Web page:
Now for the fun stuff. Proper organisation with your team opens opportunities such as baiting and feinting.
Baiting put simply, is having a lone hero (the bait) positioned in enemy vision whilst your team waits patiently to pick off the first unfortunate soul to investigate. Feinting is a more push orientated tactic, drawing the opposition team to a part of the map while a KotF/warbeast/ophelia goes to town on a rax 5000 units away. Both tactics leave your team partitioned, so it is easy to imagine how a lack of coordination could result in your heroes being picked off first. Remember that late in the game, losing a teamfight can mean a lost rax. Have controlled, systematic plays. Pick before push. Draw fights, don't force them unless necessary. Constant positive communication with your teammates helps keep your cool in tough situations.
So due to superior planning, you've won a teamfight. Many players at this point round up their team to either push or kongor. This is usually fine if most of the team has enough health or mana to sustain a second fight. If however this is not the case, or the relatively low level of the opposing team will mean all five of them will respawn in a mere 25 seconds, the next best solution is counterwarding! In essence, one of your teammates will buy a bound eye and proceed to remove every bit of enemy vision from the map. While this is happening, the rest of your teammates will heal. Congrats! You now have full map control, which means your carry has uncontested farm while theirs cannot enter the jungle. It is a complete kick to the nether region for the opposing team to respawn after a lost fight, without wards up. If any of them attempts to ward, you jump out and pick them off due to superior positioning. This cements your advantage exponentially more than a token of life could achieve.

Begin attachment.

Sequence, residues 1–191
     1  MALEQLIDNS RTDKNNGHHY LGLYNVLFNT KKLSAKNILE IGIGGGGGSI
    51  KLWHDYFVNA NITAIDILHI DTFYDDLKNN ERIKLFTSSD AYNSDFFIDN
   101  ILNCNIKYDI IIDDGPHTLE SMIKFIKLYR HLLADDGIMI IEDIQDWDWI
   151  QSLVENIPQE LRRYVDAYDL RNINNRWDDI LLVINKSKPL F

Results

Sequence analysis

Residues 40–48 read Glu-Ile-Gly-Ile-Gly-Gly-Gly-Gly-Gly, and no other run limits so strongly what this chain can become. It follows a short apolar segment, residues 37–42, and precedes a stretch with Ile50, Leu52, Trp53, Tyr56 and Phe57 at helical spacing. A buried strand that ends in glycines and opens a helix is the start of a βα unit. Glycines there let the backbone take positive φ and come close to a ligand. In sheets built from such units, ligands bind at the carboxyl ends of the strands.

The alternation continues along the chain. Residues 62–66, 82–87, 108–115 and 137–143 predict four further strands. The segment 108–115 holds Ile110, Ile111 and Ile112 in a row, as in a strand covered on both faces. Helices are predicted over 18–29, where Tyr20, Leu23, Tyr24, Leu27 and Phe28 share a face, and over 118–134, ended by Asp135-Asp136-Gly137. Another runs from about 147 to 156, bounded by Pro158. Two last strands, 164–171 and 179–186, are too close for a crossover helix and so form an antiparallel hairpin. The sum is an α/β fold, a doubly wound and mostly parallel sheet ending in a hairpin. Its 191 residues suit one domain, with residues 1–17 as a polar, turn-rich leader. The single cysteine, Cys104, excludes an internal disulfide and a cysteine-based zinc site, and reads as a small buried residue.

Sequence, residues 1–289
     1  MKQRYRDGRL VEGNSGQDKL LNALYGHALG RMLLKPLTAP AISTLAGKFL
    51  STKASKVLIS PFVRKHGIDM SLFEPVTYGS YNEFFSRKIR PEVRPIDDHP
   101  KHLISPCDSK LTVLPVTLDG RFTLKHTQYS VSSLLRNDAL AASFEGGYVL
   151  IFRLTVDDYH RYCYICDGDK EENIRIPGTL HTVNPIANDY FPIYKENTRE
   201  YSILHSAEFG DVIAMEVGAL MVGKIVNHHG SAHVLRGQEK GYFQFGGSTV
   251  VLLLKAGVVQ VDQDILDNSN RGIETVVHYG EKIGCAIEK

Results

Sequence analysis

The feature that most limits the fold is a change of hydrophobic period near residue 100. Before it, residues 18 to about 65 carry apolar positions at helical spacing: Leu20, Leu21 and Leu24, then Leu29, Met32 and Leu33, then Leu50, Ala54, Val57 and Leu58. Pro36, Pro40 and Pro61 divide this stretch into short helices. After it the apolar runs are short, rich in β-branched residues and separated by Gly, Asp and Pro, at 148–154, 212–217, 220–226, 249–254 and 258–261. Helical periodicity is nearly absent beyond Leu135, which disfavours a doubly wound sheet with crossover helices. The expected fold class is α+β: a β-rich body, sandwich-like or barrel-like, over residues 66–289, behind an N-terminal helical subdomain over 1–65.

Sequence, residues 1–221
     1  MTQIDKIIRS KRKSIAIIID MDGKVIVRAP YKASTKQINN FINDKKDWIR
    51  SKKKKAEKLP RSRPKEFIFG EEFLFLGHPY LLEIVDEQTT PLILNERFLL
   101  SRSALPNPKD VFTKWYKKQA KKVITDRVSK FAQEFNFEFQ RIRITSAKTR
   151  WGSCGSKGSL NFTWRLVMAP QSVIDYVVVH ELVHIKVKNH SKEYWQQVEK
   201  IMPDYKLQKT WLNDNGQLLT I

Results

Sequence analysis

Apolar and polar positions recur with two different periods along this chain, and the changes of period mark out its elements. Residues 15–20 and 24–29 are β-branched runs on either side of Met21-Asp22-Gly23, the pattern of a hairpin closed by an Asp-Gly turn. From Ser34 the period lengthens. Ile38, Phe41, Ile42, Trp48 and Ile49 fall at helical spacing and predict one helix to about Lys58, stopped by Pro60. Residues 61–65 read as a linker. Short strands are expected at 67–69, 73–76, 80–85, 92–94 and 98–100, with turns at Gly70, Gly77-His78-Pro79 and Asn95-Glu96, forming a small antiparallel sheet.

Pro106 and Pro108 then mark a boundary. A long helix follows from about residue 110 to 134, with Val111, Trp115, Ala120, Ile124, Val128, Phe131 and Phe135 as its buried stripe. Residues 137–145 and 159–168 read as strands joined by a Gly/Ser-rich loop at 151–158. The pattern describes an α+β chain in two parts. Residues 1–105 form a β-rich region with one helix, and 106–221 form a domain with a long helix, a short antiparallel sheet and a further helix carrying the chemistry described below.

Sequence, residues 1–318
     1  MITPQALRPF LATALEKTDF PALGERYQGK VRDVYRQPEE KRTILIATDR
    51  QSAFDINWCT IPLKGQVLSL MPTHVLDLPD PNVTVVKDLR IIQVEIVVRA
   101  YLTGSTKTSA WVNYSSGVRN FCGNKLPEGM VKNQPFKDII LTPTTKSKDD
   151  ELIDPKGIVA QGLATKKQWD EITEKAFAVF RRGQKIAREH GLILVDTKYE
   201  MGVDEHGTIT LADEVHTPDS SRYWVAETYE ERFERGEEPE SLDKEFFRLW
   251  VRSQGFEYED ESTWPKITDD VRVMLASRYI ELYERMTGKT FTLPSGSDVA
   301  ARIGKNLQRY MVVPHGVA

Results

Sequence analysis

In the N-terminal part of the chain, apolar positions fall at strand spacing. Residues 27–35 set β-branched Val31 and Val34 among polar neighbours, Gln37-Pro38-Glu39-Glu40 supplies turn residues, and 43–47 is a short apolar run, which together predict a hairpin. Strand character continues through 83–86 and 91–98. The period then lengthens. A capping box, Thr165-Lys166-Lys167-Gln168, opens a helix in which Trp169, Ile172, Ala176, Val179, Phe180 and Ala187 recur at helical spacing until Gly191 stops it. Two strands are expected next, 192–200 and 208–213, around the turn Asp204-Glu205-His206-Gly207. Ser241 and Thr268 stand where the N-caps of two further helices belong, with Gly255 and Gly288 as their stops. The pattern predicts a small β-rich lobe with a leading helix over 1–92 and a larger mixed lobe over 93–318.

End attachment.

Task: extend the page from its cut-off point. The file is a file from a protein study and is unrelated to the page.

If your team intends to take kongor however, sort out who will pick up the token of life before he is killed. This may not be immediately obvious. Fighting over the token/bananas is immature, and shows that you do not respect your team. The same logic applies for tower kills; If the tower is uncontested, let the most item-dependent hero get the last hit. If your team needs equal gold, let the creeps kill it.
When taking a rax, remember to tell your team to focus one barrack first. Unlike towers, these regenerate health over time, so unless you're sure you can take both - get one. The melee barrack is undoubtedly more beneficial to destroy, but also has 10 more armour. If in doubt, take the ranged barrack and bail.